Albany Street plays host to Christ Church, which was consecrated in 1837 and designed by James Pennethorne, who worked under James Nash. It has since become a Greek Orthodox Church and is now called St George’s Cathedral. Britain’s most influential twentieth century writer, George Orwell had his funeral service here. The British History Online has a photograph of the church in 1949 where it appears white. Pollution has since infused the surface brickwork with browns and grey.

There is a second church in the areas, known as St Mary Magdalene Church, consecrated in 1852, which was originally the daughter church of Christ Church.

Albany Street, Ravish London

Mary Magdalene, Munster Square, Chris Goddard

Mary Magdalene, Munster Square, John Clarke

Post-war development of Regent’s Park Estate

Following the end of World War II, much of the housing built by Nash had fallen into disrepair. During the twentieth century, across London, post-war developers had a murderous desire to erase the architectural feats of the early nineteenth century. In Regent’s Park a battle was waged between those who wanted to save the legacy of Nash and those who wanted to replace it with a utopian vision of high rise functionalism. John Betjeman, poet laureate at the time, raised an army of civil servants and politicians to preserve a whole range of buildings including St Pancras Train Station and Nash’s estate. Betjeman and his ‘depressives’ as they were disparagingly called by the new wave of architects, were successful in saving a large part of Nash’s legacy. Nevertheless a number of terraced houses built by Nash, originally built for workers, but which had fallen into disrepair over the war period, and which were said to be built on flimsy foundations, were knocked down to make way for social housing. The central and southern parts of Regent’s Park Estate, being constituted of social housing, were designed for the common people, from whose number many had died in sacrifice during the war. Being built during a time of rationed building materials, the new buildings were in stark contrast to what had preceded them.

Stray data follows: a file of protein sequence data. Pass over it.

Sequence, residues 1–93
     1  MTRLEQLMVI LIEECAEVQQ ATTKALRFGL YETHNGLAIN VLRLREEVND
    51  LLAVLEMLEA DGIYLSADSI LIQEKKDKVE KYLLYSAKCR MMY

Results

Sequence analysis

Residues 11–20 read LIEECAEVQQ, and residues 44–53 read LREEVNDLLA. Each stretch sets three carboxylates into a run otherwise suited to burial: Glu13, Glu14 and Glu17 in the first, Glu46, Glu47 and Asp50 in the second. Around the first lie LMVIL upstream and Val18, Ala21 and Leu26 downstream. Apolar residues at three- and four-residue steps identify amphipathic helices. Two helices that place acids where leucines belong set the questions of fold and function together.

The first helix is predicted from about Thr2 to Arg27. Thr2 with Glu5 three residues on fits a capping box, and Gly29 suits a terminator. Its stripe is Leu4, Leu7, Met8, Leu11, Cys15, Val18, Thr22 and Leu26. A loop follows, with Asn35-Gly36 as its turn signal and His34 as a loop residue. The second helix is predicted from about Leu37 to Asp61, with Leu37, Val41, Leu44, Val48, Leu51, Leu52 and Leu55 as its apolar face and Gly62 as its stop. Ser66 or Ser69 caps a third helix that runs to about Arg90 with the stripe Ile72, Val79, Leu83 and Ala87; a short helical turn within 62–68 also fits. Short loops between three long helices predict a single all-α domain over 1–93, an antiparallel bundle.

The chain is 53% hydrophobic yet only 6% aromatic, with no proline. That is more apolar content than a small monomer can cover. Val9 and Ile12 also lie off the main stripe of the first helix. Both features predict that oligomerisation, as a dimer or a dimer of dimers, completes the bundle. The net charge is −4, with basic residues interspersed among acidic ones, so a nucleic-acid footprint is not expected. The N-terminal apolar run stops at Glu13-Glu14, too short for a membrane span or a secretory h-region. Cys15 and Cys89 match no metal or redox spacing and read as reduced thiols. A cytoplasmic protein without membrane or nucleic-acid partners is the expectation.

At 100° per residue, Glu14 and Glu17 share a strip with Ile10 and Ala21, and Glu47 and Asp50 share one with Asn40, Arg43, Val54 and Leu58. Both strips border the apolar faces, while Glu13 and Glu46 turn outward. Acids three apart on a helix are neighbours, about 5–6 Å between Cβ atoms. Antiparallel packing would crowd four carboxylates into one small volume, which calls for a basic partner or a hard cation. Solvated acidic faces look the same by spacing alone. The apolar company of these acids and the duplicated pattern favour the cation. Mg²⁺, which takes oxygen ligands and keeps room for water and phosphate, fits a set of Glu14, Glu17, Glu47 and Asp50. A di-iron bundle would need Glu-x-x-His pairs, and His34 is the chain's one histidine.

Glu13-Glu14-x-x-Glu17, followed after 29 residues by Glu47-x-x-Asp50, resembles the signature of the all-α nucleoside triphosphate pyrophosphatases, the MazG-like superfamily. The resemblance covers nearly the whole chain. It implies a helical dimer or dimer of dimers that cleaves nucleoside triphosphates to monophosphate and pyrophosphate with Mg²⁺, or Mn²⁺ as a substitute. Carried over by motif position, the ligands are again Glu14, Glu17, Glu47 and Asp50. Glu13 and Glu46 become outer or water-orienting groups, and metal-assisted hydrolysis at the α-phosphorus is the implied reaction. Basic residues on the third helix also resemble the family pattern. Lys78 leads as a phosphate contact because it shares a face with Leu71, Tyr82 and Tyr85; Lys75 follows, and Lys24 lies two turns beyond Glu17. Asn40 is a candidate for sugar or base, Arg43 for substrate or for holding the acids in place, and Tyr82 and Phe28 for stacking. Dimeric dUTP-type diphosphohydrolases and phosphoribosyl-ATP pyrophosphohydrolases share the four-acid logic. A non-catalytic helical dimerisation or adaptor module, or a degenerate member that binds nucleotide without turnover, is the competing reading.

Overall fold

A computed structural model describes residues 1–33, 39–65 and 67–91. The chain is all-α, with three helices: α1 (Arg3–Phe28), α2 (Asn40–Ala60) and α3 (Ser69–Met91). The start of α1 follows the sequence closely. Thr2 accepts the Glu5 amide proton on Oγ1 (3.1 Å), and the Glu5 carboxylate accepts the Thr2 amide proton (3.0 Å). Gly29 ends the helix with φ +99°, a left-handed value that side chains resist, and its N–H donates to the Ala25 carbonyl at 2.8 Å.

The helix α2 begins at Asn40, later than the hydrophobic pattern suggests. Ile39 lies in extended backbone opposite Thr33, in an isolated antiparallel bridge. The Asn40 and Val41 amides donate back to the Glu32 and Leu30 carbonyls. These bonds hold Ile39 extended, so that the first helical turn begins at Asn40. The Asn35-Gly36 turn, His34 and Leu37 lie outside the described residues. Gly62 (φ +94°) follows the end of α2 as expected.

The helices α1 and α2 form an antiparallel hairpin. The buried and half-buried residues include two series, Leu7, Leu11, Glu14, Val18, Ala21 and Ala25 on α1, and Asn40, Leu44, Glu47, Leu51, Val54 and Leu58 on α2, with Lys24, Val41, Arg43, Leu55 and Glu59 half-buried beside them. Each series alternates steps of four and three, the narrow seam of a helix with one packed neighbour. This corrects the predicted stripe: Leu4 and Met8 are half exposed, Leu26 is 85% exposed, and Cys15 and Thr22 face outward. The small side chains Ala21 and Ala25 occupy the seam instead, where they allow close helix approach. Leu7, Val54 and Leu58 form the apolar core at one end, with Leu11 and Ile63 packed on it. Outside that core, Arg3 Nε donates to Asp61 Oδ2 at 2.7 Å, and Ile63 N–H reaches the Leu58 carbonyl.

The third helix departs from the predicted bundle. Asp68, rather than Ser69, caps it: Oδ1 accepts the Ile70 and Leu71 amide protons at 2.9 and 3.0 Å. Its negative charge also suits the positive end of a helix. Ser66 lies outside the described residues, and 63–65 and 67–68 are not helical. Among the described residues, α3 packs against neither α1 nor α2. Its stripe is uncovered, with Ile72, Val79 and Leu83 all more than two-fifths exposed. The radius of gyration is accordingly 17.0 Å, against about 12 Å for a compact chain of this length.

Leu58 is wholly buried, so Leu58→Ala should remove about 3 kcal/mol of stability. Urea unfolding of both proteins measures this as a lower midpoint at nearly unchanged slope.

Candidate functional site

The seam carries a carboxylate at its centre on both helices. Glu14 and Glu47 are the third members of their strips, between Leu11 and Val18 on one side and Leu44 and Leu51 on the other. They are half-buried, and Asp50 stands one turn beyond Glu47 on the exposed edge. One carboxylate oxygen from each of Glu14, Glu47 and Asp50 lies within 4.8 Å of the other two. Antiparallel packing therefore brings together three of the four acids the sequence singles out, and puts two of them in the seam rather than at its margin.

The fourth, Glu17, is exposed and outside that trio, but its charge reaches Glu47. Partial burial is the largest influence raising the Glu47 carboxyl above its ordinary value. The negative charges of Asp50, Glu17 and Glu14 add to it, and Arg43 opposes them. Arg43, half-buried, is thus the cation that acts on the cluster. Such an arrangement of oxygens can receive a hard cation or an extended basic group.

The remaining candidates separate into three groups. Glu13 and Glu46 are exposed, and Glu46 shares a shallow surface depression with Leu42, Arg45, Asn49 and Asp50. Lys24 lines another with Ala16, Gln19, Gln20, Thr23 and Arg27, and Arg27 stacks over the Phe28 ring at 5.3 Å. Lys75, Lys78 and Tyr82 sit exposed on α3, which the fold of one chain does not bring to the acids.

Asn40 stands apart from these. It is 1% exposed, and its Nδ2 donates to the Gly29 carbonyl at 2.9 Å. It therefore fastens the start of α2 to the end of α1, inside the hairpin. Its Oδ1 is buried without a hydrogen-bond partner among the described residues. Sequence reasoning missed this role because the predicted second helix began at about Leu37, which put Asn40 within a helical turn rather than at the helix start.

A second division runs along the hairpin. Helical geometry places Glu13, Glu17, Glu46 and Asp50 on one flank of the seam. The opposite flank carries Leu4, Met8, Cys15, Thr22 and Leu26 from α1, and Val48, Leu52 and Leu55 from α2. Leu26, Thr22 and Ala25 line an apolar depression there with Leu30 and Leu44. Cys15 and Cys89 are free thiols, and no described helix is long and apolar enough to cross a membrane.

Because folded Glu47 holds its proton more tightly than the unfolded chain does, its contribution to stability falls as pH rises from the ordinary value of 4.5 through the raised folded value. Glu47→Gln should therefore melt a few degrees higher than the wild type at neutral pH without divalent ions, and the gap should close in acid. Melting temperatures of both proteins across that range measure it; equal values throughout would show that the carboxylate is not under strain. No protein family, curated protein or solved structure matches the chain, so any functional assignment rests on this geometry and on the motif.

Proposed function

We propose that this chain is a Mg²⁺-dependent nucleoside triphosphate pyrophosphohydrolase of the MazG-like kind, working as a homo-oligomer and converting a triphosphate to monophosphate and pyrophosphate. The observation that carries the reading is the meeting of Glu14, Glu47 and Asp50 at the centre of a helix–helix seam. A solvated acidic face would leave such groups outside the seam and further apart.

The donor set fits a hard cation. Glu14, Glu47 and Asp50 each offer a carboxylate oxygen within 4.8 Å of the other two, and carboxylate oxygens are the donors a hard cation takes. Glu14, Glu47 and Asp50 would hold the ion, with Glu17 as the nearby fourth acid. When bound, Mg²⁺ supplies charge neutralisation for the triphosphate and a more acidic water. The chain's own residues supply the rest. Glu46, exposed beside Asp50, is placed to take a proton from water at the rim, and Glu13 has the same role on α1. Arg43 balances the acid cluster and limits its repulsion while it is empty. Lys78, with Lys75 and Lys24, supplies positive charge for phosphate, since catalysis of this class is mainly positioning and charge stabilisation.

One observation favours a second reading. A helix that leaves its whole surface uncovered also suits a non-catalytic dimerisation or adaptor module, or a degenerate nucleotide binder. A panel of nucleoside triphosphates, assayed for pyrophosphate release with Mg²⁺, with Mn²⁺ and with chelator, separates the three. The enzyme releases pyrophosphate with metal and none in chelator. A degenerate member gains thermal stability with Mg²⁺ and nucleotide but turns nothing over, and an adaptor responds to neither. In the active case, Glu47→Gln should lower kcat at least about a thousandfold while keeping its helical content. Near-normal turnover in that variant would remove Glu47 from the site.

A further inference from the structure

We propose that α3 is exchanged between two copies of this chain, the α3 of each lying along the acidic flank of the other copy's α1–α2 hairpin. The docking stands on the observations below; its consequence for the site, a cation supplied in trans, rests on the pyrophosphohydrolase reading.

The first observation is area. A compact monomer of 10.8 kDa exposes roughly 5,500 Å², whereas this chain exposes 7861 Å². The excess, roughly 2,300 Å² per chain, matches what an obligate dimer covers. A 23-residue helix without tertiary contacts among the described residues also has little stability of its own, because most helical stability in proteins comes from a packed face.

Since the 1950s the estate has played host to the working classes, immigrant families and a collection of unsavoury types. Regent’s Park Estate also spawned Flowered Up, an avant-garde psychedelic flower power group from the late 1980s, who produced the anthem ‘Weekender’. According to Simon Reynolds, the group's name was a metaphor for youthful idealism struggling up through the cracked paving stones of the urban wasteland.

Flowered Up a band from Regents Park Estate; whose name was chosen to represent youthful idealism struggling up through the cracked paving stones of the urban wasteland; Regents Park Estate, Ravish London

Regent’s Park Estate: it doesn’t inspire Sarah McConnell